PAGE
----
Hedge Fund News Wrap: Week Ending 8/22/14

Citigroup Faces Restrictions in Hedge Fund Sales

U.S. regulators will limit Citigroup Inc.’s ability to sell investments in hedge funds finance1and private equity funds to wealthy clients.

The restriction stems from an August 5th approval of a settlement between Citigroup and the Securities and Exchange Commission, over claims related to the bank’s previous sales of debt products.

In a letter to hedge fund firms, Citigroup states it can longer refer investors to their funds but that it is working with regulators to resolve the issue.

As part of the 2010 Dodd-Frank regulatory reform, the SEC has adopted a rule that restricts a party with “a relevant criminal conviction, regulatory or court order or other disqualifying event” from participating in a private offering.

A waiver can be granted, if the SEC believes that the firm is conducting business in the public’s interest.

However, Citigroup’s attempts to obtain a waiver will most likely require more review time, according to a source from The Wall Street Journal.

Citigroup has been offering 40 hedge funds to wealthy clients, according to ValueWalk. Citigroup’s private banking manages more than $31 billion, and clients are required to have a net worth of at least $25 million.


See detailed coverage from:

The Wall Street Journal



Icahn Targets Hertz, Accumulates 8.48 Percent Stake

Activist investor Carl Icahn has his eyes set on the car rental company, Hertz Global Holdings, and has disclosed an 8.48 percent stake in a regulatory filing.

Icahn built his Hertz stake, which is worth $470.5 million, by buying options in recent months in hopes of engaging Hertz’s board and management in talks regarding “shareholder value, accounting issues, operational failures, underperformance relative to its peers” and Icahn’s “lack of confidence in management.”

This year alone, Icahn has gone after eBay, Family Dollar Store, and Apple.

In a statement, Hertz said that it welcomed a “constructive dialogue” with its shareholders.

Shares of Hertz rose by the end of the day on Wednesday, when the filing was released.
See detailed coverage from:


The Wall Street Journal

Business Insider



Hedge Funds Lose to Porsche in U.S. Appeals Court

Over 30 hedge funds led by Greenlight Capital, Elliot International, and Perry Partners, lost their case against automobile maker, Porsche, in a U.S. appeals court.

The 30 hedge funds tried to sue the carmaker for 1.81 billion euros, or $2.4 billion, over allegations of market manipulation, according to Reuters.

According to Bloomberg News, Porsche has been fighting market-manipulation allegations since it disclosed in October 2008 that it had access to 74 percent of Volkswagen AG through cash-setting options. Ultimately, the legal disputes led Porsche’s holding company to sell its sport-car business to Volkswagen as debt rose, and abandon the planned merger.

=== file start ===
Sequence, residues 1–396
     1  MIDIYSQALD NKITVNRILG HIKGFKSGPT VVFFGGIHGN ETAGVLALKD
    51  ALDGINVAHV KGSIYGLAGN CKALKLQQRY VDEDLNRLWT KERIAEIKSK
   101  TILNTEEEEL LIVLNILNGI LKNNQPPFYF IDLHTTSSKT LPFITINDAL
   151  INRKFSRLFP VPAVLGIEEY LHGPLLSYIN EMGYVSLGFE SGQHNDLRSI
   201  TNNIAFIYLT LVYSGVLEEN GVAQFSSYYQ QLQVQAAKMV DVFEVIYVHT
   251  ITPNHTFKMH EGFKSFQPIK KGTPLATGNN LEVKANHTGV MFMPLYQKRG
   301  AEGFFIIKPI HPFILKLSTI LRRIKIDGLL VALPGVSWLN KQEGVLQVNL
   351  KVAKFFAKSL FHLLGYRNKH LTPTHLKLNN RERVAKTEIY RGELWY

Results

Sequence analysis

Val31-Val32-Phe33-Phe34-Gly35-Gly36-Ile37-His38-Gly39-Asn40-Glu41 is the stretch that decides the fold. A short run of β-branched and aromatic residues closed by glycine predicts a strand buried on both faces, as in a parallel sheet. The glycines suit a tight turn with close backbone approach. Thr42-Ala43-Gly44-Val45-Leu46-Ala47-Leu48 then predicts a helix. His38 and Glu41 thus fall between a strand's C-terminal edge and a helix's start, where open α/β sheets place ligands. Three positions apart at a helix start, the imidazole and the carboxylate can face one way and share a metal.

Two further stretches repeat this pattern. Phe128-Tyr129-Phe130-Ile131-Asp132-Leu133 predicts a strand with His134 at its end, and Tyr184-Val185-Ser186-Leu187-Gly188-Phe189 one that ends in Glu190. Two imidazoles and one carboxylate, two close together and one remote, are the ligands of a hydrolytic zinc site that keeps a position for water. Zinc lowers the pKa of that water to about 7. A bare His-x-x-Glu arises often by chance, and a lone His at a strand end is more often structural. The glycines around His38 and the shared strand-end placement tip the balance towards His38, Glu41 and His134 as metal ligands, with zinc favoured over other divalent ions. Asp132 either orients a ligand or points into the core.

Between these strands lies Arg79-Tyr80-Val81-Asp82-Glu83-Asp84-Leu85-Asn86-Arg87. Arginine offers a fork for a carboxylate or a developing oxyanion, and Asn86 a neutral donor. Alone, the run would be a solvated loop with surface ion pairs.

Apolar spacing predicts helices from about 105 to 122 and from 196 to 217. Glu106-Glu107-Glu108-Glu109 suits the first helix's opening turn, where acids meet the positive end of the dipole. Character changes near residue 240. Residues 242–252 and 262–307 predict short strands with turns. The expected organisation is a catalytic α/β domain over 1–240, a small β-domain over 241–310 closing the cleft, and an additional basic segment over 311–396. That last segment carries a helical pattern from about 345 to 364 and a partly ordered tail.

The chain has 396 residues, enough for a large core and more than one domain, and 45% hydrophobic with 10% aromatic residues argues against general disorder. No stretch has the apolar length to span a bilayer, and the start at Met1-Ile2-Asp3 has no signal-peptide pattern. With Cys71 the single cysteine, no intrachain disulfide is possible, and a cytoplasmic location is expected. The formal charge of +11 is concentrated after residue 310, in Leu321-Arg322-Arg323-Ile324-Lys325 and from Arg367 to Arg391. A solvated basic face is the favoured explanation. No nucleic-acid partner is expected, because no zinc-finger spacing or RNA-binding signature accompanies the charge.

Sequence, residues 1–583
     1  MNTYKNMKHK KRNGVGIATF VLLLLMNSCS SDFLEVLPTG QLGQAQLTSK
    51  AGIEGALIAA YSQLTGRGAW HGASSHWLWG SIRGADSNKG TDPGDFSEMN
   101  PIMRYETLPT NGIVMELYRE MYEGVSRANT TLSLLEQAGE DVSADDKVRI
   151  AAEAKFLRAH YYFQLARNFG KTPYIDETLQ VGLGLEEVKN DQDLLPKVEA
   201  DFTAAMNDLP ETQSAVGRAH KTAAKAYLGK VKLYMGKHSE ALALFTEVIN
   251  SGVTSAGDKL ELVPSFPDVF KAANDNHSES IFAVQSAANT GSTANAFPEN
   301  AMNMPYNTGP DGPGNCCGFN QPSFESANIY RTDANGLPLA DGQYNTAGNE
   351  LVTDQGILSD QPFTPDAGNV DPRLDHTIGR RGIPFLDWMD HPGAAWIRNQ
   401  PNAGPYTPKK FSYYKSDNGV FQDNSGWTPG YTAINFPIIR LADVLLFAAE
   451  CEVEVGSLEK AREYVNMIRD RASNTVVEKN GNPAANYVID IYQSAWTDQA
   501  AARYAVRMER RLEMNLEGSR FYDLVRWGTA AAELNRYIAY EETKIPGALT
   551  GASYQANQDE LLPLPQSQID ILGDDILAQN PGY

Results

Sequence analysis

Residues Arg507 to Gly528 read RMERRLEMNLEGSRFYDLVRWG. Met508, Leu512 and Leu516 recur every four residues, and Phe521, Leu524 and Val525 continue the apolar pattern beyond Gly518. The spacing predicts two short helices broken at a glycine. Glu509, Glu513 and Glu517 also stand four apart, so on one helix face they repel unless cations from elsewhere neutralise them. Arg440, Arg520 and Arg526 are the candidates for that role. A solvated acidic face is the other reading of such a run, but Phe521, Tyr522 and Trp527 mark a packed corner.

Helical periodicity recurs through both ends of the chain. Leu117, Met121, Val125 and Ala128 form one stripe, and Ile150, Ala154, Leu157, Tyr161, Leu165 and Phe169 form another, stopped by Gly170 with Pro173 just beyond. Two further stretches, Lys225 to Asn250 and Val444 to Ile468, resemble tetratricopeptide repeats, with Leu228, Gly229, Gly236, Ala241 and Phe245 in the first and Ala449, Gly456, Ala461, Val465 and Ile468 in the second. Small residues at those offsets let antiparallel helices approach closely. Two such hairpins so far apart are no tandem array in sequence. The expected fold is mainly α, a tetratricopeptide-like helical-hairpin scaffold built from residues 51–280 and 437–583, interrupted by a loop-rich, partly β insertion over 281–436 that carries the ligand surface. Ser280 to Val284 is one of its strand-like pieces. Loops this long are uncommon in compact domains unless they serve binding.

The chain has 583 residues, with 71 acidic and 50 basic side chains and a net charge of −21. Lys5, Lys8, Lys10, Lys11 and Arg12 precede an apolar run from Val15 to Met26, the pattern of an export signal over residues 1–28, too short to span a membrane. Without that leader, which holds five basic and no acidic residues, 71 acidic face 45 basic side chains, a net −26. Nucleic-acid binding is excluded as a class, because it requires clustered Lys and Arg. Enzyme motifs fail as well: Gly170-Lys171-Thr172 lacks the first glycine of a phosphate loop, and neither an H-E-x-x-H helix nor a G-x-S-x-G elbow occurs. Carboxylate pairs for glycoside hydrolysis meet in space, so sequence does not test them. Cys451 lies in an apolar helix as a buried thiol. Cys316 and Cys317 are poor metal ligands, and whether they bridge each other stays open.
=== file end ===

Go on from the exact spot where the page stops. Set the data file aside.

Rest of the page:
After more than two years, a federal appeals court in Manhattan upheld a ruling by a lower-court that dismissed the lawsuits against Porsche. The appeals panel ruled that the alleged manipulation was “so predominately foreign” that U.S. courts could not claim jurisdiction, following a Supreme Court decision in 2010.

“The complaints concern statements made primarily in Germany with respect to stock in a German company traded only on exchanges in Europe,” the appeals court said in its ruling.
See detailed coverage from:



Bloomberg News



Conheeney, President of Point72 Resigns

Over the past year, the now-defunct SAC Capital Advisors has undergone many changes after the firm pleaded guilty to inside trading charges: a new name, a growing number of departures, and a change of business.

The most recent change has been the departure of its President, Tom Conheeney, who spent 15 years at SAC Capital (now Point72 Asset Management).

As President, Conheeney helped manage SAC and then Point72’s 1,000- and then 850-member workforce. As FINalternatives states, Tom Conheeney “served as the voice of SAC Capital Advisors during the insider-trading scandal.” Most memos that were sent to keep employees and the rest of the world informed about the insider-trading probe and the firm’s transformation had his signature.

In an internal memo announcing Conheeney’s departure, Point72 Chief Executive Officer Steven Cohen wrote, “The last few years have been the most difficult our firm has faced. The 2008 financial crisis and the 2010 aftershocks tested us, and just as we thought we were returning to ‘normal,’ we were rocked by revelations of insider trading by former employees. Tom’s leadership helped our firm survive these difficult times. We faced ordeals that would have put most other companies out of business.”

Conheeney’s successor will be Douglas Haynes, a former McKinsey & Co. director who joined SAC in February as managing director for human capital.

Conheeney will remain with Point72 through the end of the year as an adviser.


See detailed coverage from:



The Wall Street Journal